The Role of Unconventional T Cells in the Immune Response to the Gastric Pathogen Helicobacter pylori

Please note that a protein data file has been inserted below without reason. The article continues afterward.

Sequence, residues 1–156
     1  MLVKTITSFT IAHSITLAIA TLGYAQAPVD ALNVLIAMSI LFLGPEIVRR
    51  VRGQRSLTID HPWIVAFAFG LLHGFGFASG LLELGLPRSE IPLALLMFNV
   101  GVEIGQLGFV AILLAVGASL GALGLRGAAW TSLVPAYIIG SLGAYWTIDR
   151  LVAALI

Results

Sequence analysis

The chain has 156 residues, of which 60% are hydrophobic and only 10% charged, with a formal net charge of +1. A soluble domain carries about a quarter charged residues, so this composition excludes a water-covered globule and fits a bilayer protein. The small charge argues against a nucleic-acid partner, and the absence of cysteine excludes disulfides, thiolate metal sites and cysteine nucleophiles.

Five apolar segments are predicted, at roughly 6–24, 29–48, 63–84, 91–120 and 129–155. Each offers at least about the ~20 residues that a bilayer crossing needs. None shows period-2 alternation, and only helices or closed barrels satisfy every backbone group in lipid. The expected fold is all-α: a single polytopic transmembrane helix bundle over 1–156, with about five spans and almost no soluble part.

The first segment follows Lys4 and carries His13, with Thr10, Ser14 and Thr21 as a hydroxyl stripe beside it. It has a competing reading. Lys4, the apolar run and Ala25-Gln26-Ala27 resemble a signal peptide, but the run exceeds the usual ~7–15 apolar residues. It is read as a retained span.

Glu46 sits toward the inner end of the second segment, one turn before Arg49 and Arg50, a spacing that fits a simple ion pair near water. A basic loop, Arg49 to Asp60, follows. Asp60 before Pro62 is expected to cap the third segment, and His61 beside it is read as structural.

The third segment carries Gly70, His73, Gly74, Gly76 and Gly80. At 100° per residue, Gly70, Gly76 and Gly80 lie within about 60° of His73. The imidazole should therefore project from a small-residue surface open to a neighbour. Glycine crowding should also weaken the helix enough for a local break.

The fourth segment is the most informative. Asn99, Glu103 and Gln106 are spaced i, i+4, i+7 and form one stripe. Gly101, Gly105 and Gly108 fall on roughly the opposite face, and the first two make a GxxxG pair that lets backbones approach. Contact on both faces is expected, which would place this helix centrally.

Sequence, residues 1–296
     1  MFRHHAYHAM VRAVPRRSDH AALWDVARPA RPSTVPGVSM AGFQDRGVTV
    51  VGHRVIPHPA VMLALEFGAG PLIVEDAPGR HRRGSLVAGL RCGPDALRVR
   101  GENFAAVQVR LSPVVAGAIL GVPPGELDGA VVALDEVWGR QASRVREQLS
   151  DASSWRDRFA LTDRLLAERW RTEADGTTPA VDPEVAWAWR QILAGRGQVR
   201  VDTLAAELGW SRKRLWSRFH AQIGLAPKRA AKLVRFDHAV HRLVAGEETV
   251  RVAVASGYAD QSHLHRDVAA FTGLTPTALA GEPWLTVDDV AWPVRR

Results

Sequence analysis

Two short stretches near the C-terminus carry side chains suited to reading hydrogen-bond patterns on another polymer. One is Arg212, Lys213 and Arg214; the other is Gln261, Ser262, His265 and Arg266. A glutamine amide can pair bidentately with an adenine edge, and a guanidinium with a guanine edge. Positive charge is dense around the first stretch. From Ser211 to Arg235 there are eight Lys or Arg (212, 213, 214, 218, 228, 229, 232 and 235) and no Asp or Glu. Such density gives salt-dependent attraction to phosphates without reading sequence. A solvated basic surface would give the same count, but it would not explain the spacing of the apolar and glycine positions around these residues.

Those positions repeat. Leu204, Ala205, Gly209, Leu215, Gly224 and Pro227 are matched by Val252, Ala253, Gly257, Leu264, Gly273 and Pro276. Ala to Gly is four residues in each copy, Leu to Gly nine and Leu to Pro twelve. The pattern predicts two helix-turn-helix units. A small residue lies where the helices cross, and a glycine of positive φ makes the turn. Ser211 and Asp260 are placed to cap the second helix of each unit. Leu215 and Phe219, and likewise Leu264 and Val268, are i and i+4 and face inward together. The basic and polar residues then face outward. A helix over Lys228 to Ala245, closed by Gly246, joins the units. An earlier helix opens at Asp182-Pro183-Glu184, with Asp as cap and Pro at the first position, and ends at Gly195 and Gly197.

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Helicobacter pylori (HP) is a gastric pathogen that is a known causative agent of gastritis, and peptic ulcers. It is a co-factor for the onset of gastric cancer and for these reasons is classified as a type I carcinogen. HP infection elicits an inflammatory Th1 driven immune response, during which, classical T cells have been considered the primary orchestrators, although this action is rarely effective in clearing infection. Ultimately, the aim of studies in this thesis was to assess the importance of previously overlooked unconventional T cell populations through examination of their immunological responses in the gastric mucosa to HP and to HP derived antigens (Ags). Firstly, using flow cytometry we phenotypically characterised lymphocyte populations paying particular attention to unconventional T cell subsets [natural killer T cells (NKT cells) and gamma delta+ T cells] in the human gastric epithelium (EP) and lamina propria (LP) layers and compared their frequency in HP infection. Results showed that CD4+ and CD8+ classical T cell numbers were significantly higher and lower respectively in the LP of H. pylori infected individuals. Moreover, a significant reduction in the percentage of CD56+ NK cells was found in the LP of H. pylori positive subjects compared to control samples. The numbers of NKT cells were low in both the EP and LP of control subjects and the frequencies were unchanged in HP infected subjects. Furthermore, when gamma delta+ T cells were investigated, numbers were markedly higher in the H. pylori infected EP and not in the LP. In the next experiments, we investigated immunological responses to H. pylori antigenic stimulation through proliferation, cytokine and cytotoxicity assays. Here, a variety of HP derived Ags were used to stimulate PBMCs, single cell suspensions derived from the EP, LP or NKT cell clones. The cytokine response of gamma delta+ T cells to HP derived Ags was also investigated using gamma delta+ T cell clones. The HP derived antigenic stimuli included whole cell extract, cytoplasmic Ags, crude membrane Ags, outer membrane proteins, inner membrane proteins from strains 26695 and J99 and LPS derived from strains NCTC11637 and CCUG17874. A lack of proliferation as measured by the BrdU ELISA was observed in response to many of the HP derived Ags used following antigenic stimulation of NKT cells, PBMCs or cell suspensions from the gastric EP and LP layers. In cytokine studies, using the Th1/Th2 11plex FlowCytomix kit, small increases in cytokines (IL-8, IFN-gamma and others) were observed following stimulation of NKT cells with some of the HP derived Ags (whole cell extract from HP 26695 and others) while results using PBMCs or gastric lymphocyte populations were variable. In these experiments, when the gamma delta+ T cell clones were stimulated with the HP derived Ags, higher levels of IFN-gamma, IL-2, IL-4, IL-5, IL-8, IL-12p70, IL-1beta, TNF-alpha and TNF-beta were observed consistent with a Th1 and Th2 cytokine pattern. Furthermore, using the LDH assay, a lack of cytotoxic responses was seen following NKT cell stimulation with the HP derived Ags. In the final chapter, gene expression profiling of RNA isolated from gastric EP and LP derived CD2+ cells from HP infected and uninfected gastric mucosa was undertaken using the Affymetrix system in conjunction with the Karolinska Institute in Sweden. The findings from these studies generated a large database of novel genes differentially expressed in HP infection in key immunological areas such as cytotoxicity, cancer progression, inflammation, cytokine production and others. Moreover, we categorised the top 20 most significantly up-regulated and down-regulated genes in the EP and the LP in HP infection relative to controls. Together, this work contributed to gaining further knowledge about HP pathogenesis and immunity and gave important insights into the role of unconventional T cells in HP infection.
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